Bob Carnegie, longstanding trade union activist, socialist and veteran of many landmark industrial disputes in the state, has been elected to the position of Maritime Union of Australia branch secretary in Queensland.
Carnegie defeated Trevor Munday, the deputy branch secretary of 16 years’ standing. Bob also stood for the MUA branch secretary’s position in 2011 and was only narrowly defeated on that occasion.
Red Flag spoke to him about his victory and his plans for the MUA once he takes office on 1 July.
What factors contributed to your win?
The old leadership underestimated my reputation. I’m still highly regarded for the role I played in the Seamen’s Union and the MUA, and the part I played during the 1998 waterfront dispute, particularly by older members.
People also remembered me from the last election – when I was allegedly beaten by just two votes. I was the only candidate this time who put out a leaflet with a platform and ran a principled campaign. The opposition ran a vicious character assassination campaign, saying that I’d burn the place down and would destroy the union by taking industrial action.
I won despite the whole machinery of the organisation being used against me. I had strong support from good delegates at Qube and DP World in Brisbane – they believed that the union needed a new political and industrial direction.
What are the main challenges that the union faces?
For the wharfies, casualisation, rosters and irregular working hours, which are products of the 1998 settlement. We have to rebuild the culture on the waterfront whereby people wanted to go to work because their mates were there and they had control over the job.
After the 1998 dispute, new levels of management came in, and delegates have been sacked without any proper campaign to get them reinstated. In my campaign, we said we would do everything to defend members in this situation.
For the seafarers, the main problem has been the collapse of the merchant fleet and the lack of any organised response by the union leadership, at both state and national level.
What are your goals?
I want to do two things: improve participation in the union and defend conditions. We need to re-engage the members – by campaigning, through organisation and by education, both industrial and political. I want to develop democratic structures on the ground. There has to be a levelling of the hierarchy; workers have to feel that they can participate in the decision-making process.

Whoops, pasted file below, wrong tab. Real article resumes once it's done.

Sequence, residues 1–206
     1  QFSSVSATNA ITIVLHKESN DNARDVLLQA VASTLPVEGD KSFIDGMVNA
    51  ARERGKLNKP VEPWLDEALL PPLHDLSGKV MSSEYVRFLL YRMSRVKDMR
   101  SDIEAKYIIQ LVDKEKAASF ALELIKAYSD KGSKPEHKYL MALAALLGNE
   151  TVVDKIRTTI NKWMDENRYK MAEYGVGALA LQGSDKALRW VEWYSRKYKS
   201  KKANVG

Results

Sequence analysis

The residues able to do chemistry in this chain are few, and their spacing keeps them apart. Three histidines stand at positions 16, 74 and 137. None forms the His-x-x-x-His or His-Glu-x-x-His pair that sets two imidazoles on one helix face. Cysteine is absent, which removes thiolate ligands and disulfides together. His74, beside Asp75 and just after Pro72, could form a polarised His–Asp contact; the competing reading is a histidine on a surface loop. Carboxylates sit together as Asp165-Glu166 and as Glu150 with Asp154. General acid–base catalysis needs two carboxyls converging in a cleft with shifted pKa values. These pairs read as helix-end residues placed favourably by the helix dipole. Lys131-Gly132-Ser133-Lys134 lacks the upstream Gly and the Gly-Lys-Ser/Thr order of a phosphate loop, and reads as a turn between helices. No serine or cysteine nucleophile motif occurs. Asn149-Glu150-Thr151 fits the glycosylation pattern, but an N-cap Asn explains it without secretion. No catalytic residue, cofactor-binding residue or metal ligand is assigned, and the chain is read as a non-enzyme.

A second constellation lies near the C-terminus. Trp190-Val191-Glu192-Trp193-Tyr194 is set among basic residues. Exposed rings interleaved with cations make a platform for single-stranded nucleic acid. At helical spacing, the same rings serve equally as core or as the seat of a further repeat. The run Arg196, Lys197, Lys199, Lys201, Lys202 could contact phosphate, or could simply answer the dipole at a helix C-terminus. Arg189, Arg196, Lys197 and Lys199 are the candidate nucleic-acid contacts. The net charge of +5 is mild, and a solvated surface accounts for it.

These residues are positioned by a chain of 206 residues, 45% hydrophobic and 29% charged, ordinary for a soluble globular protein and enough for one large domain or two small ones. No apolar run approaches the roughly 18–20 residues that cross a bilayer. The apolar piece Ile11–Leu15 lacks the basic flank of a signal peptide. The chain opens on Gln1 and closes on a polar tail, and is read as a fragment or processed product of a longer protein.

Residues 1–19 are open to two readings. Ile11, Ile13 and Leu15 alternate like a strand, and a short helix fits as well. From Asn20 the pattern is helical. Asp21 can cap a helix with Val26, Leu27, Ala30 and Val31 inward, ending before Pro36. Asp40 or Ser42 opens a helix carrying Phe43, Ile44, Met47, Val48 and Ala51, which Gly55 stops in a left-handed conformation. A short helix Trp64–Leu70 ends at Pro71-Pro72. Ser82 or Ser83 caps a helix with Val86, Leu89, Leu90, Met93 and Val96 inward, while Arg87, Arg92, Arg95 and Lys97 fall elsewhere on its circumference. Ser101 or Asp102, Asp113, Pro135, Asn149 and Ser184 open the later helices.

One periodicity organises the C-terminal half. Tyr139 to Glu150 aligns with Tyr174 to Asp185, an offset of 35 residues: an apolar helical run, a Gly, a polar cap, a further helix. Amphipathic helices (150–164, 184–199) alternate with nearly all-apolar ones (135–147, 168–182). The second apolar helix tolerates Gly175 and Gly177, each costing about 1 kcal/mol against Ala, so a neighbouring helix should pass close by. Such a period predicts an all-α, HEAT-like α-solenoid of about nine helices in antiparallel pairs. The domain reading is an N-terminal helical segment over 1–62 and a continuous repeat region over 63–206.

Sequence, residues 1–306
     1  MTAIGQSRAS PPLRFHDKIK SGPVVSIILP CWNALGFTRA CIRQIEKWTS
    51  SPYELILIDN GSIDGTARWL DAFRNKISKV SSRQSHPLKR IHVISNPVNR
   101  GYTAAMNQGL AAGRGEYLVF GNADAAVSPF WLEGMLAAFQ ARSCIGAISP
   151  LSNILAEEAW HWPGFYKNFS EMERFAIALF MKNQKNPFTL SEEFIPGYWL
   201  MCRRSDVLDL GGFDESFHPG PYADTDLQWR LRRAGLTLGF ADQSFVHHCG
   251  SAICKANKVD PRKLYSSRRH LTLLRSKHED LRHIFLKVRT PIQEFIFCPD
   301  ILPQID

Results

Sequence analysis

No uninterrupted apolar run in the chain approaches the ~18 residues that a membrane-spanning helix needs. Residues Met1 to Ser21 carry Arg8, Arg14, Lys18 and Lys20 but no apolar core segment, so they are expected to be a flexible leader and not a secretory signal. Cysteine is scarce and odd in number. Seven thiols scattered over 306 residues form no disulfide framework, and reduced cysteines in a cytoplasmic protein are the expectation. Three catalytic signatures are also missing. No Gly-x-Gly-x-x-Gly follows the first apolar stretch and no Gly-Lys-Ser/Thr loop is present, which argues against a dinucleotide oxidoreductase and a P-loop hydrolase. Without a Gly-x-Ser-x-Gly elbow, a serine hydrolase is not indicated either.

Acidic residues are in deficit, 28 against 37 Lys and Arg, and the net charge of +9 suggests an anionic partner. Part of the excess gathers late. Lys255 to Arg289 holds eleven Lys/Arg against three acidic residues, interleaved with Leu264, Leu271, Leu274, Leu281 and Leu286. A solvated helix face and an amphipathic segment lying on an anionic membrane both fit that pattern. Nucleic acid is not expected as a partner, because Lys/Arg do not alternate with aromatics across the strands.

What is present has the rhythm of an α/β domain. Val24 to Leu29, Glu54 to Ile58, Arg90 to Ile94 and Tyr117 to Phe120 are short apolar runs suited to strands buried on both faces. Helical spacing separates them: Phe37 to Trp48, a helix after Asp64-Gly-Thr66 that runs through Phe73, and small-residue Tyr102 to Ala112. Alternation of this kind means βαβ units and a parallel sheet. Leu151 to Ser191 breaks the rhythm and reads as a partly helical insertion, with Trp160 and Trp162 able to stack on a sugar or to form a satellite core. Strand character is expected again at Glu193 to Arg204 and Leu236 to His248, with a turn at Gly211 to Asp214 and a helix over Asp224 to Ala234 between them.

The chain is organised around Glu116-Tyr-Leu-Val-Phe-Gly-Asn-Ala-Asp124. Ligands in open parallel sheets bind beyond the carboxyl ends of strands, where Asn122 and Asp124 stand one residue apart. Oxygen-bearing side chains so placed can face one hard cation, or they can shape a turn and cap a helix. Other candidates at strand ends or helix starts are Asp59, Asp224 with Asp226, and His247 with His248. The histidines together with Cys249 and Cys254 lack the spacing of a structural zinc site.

What are your plans for your first 100 days in office?
Three things. I will organise a branch conference open to every member of the branch. I want to involve members in trying to develop a direction for the next 12 months.
I want to run a powerful campaign to force Rio Tinto to employ 100 percent Australian crews on the company’s eight ships carrying bauxite from Weipa to Gladstone. We can sign memorandums of understanding with the company but they are not legally binding and they don’t take the place of industrial and political struggles.
And I want to deal with the non-union stevedoring operations – the Multiplex cruise terminal here in Brisbane is entirely non-union.
How will you foster members’ involvement in their union given the decline in participation over years?
Through struggle. I have huge faith in the membership and the delegates. We need to build confidence that their leadership will stand by them, no matter what. And we need politics. We look at things not from a narrow trade union perspective but from a working class perspective and that’s fundamental – not just the workers directly affected but the broad working class movement.
I believe that workers will respond to fearless, class conscious representatives who are acting in their interests and the working class movement. Hopefully, that will get them to see that there are bigger questions at stake in terms of what is happening in this society.
We need to look back to the old days of internationalism where, despite their Stalinist politics, the old leaderships of the Seamen’s Union and the waterside workers did some fine things internationally.
What problems do you see in the wider labour movement at present?
The great majority of the Australian labour movement has been co-opted into the capitalist system. Instead of fighting for workers’ rights, they have become giant voting blocs for the ALP. The ALP is 100 percent committed to capitalism. If it becomes a choice between a trade union and Goldman Sachs, the ALP will always choose Goldman Sachs.
Because unions are loyal to the ALP, they comply with the electoral cycle of the ALP. Newspoll is more important to them than enthusing their rank and file members that they can be agents of workplace and societal change. Unions need to be independent, fighting organisations for their members and their class, not appendages of the ALP.
How do you propose to remain accountable to members as branch secretary?
I will be visiting every port at least every three months and every stevedoring operation in Brisbane weekly at least. I will put out a constant stream of publicity so that members feel connected to the union.
I went into this election completely committed to changing things, to do all in my power to make the workforce powerful. I’m not in this for a career; I believe in rotational leadership and will spend no more than two four-year terms in office.
What are some of the things that give you hope?
The growth of unofficial trade unions in China. The heroism of the Palestinians on the Gaza Strip who continue to resist against odds others would surrender to. Electricians in the construction industry in Britain who are continuing to fight. And, locally, the Victorian CFMEU, who have been fined massively and attacked but are still resisting.
In the next few months, Australian unions will have to decide if they stand with the CFMEU. We have to stand by them. We can never allow the government to deregister them, like they did the BLF in the 1980s.